Total RNA was isolated from lung tissues according to the RNeasy protocol (Axygen). The m6A-specifc MeRIP was performed according to the previous method . In brief, purified mRNAs (5 μg) were digested by Dnase I (M0303, NEB) and then fragmented into around 200-nt fragments by incubation at 95 °C for 25 s in RNA Fragmentation Reagents (Ambion, AM8740), followed by standard ethanol precipitation and collection. Anti-m6A antibody (3 μg antibody) was incubated with 30 μL Dynabeads G (nvitrogen, 10003D) in IPP buffer (150 mM NaCl, 0.1% NP-40, 10 mM Tris–HCl, pH 7.4) for 2 h at room temperature. The mRNAs (100 μg) were incubated with the prepared antibody-bead mixture for 4 h at 4 °C. By washing three times, proteinase K and Super RNase Inhibitor were then incubated with Dynabeads. The Trizol-LS was added to the beads, mix well at room temperature for 5 min. The eluted RNA was extracted by Enol:Chloroform:Isoamylol (pH < 5.0, Solarbio life science, P1025) and then generated to cDNA using a reverse transcriptase kit (TAKARA) according to manufacturer’s protocols. The enrichment of m6A was quantified by real-time quantitative PCR (RT–PCR) and performed by the ABI Prism 7500 Instrument following the TAKARA protocol. Β-actin was used as an internal control. Primers for ET1, A20, and β-actin are as follows: forward: 5′-aagcagacaaagaactccgag-3′, reverse: 5′-cgctttcaactttgcaactcg-3′; forward: 5′-tttgtggagacgggactttg-3′, reverse: 5′-gaggccattttgaccaagttg-3′; forward: 5′-gccaaccgtgaaaagatg-3′, reverse: 5′-tgccagtggtacgaccag-3′, respectively.
All the statistical analysis and graphics were performed with R statistical software packages (R version 4.0.3). The continuous variables between groups were compared by Student’s t-test or Mann–Whitney U test. A difference of P < 0.05 was considered to be statistically significant.
Decreased A20 levels of lung tissues in IUGR rats
The sampling age of different experimental group rats were seen in Fig. 1A. The A20 protein level of the IUGR d1 group was significantly lower that of the Control d1 group (P = 0.002, Fig. 1B and C). Compared with age-matched control group, A20 protein level of the IUGR 10wks group was significantly lower (P = 0.003, Fig. 1B and C). Furthermore, A20 expression of the IUGR OVA group was also significantly lower that of control OVA group, which yielded a significant difference (P = 0.012, Fig. 1B and C). These results indicate that IUGR can reduce the expression of A20 protein in lung tissue of newborn rats and continue until 10 weeks after birth. Although OVA challenge can increase the expression of A20 protein in lung tissue of IUGR rats (Fig. 1B), its level was still significantly lower than the control OVA group. Our previous study demonstrated that IUGR rats had a high sensitivity to OVA challenge later in life and presented with more severe asthma phenotype , which further suggesting that there exists a clear correlation between increased sensitivity to OVA and decreased A20 expression.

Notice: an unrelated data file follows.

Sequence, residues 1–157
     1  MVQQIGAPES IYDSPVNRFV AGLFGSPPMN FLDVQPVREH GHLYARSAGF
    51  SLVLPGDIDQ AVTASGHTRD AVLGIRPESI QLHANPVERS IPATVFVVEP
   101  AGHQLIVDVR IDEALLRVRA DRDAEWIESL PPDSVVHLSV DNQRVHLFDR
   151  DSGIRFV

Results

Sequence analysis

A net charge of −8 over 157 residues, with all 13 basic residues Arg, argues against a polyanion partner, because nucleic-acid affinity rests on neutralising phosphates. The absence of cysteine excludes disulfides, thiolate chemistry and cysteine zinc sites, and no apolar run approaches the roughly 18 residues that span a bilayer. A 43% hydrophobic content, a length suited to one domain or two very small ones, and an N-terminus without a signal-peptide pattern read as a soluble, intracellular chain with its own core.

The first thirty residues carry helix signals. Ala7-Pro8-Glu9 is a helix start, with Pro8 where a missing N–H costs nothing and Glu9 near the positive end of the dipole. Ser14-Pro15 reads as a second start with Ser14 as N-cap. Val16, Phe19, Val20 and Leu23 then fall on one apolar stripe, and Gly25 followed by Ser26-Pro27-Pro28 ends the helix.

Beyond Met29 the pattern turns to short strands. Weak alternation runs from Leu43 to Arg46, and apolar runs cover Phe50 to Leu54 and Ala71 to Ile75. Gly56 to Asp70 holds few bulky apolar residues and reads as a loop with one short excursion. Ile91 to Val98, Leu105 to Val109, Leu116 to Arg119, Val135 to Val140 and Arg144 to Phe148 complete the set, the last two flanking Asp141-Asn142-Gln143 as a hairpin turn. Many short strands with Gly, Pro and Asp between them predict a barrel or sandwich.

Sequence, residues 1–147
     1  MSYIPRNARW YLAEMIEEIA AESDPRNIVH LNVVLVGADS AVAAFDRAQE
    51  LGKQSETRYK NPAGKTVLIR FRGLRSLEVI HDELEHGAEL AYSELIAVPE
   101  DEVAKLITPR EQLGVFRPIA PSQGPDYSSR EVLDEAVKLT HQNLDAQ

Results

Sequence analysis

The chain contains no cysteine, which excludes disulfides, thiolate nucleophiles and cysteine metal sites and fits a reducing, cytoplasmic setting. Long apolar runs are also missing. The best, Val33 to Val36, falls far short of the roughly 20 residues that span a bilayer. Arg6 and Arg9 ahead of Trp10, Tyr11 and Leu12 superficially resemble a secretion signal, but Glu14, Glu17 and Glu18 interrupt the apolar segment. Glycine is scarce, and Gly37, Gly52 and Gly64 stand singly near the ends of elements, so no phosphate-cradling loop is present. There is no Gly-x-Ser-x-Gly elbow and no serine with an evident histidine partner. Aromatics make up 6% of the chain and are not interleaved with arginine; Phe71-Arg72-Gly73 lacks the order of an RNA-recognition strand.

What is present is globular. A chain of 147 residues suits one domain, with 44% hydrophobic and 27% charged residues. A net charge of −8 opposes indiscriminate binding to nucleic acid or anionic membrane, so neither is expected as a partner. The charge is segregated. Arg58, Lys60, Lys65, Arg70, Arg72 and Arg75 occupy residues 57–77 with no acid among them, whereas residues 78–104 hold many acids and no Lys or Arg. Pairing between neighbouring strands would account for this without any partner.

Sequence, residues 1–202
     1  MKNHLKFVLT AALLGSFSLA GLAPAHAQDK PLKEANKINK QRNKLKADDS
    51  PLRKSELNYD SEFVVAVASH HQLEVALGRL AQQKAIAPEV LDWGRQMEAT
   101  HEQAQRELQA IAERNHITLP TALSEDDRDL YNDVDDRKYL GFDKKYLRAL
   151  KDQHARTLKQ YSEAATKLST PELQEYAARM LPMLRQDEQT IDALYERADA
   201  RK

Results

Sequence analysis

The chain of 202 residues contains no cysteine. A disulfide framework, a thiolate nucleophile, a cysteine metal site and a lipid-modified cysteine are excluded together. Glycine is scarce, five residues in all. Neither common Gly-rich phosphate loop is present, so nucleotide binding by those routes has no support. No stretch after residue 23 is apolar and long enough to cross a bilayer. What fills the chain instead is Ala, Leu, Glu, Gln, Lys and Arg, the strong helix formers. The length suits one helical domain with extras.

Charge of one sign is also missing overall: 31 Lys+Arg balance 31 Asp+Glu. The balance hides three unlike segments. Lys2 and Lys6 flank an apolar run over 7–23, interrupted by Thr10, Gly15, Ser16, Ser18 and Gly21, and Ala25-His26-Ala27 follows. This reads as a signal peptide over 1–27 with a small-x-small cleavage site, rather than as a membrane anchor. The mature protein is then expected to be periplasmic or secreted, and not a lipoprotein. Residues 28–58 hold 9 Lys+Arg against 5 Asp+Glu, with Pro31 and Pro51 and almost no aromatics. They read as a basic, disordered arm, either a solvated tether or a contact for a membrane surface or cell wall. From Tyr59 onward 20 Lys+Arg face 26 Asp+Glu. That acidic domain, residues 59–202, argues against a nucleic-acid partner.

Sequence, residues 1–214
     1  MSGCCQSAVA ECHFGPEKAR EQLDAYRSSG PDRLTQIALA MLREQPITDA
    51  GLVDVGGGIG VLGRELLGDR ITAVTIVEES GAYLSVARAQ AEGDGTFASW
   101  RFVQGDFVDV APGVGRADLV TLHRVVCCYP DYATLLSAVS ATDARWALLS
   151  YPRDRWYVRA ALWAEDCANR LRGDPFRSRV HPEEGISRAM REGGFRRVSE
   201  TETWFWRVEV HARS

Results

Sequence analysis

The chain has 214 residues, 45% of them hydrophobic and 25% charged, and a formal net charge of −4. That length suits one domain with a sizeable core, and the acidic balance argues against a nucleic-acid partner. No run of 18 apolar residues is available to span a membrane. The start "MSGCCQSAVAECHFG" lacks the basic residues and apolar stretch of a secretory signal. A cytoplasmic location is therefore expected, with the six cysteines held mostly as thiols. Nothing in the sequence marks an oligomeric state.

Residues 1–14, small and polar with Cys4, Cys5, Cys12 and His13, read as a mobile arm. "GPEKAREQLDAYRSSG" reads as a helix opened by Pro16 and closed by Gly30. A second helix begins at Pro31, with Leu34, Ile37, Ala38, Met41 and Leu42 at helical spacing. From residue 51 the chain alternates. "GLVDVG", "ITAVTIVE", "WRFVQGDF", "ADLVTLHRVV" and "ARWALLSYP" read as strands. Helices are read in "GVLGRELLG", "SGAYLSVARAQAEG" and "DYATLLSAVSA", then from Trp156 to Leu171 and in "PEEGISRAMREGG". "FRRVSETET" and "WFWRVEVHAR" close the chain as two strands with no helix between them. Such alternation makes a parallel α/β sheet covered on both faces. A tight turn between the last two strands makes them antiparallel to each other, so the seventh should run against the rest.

Identification of differentially ubiquitinated proteins in lung tissue
Given the ubiquitin-modifying role of A20, ubiquitinated proteins of lung tissue were detected to further assess protein modification status of IUGR rats. A total of 314 ubiquinated sites, 273 ubiquinated peptides, and 187 ubiquinated proteins were identified in lung tissues using label-free quantitative proteomics technology among the IUGR and control newborn rats (Fig. 2A and B). To better elucidate regulation of ubiquitination in IUGR, ubiquitination motif analysis was carried out by examining the sequences of amino acid residues in the ubiquitination sites of the ubiquitinated peptides with Motif-X software . Two significantly distinguished motifs were identified (Figs. 2C), including V-X(5)-K*-X(5) and X(3)-L-X(2)-K*-X(6), which refers to 44 and 40 unique ubiquitinated peptides, respectively (K* = the ubiquitinated lysine residue; X = any amino acid residue). In addition, the significant fold differences and clustering algorithm in ubiquitinated peptides between the two groups were seen in Fig. 2. Based on these differentially expressed ubiquitinated peptides, three increased and four decreased probable ubiquitinated proteins in IUGR d1 group were identified compared with control d1 group, including DNA damage-inducible 1 homolog 2 (DDI2), 14-3-3 protein gamma, histone H3, histone H2A (Hist2h2ab), histone H2A (H2afx), moesin, and lysozyme, respectively.
Ubiquitinated protein status of IUGR probably continued into adulthood
We hypothesized that these differentially expressed ubiquitinated proteins in newborn IUGR rats might continue into adulthood, and still exist even under OVA challenge. Since the antibodies against ubiquitinated proteins were unavailable, we detected unmodified protein levels to assess relative ubiquitinated protein level. The decreased DDI2 and increased lysozyme expressions in IUGR d1, 10wks, and OVA groups were coincident with the increased ubiquitinated DDI and decreased ubiquitinated lysozyme levels, suggesting that this ubiquitination phenomenon is likely to continue from the newborn to adulthood (Fig. 3).
Differentially m6A modifications of lung tissues in the newborn rats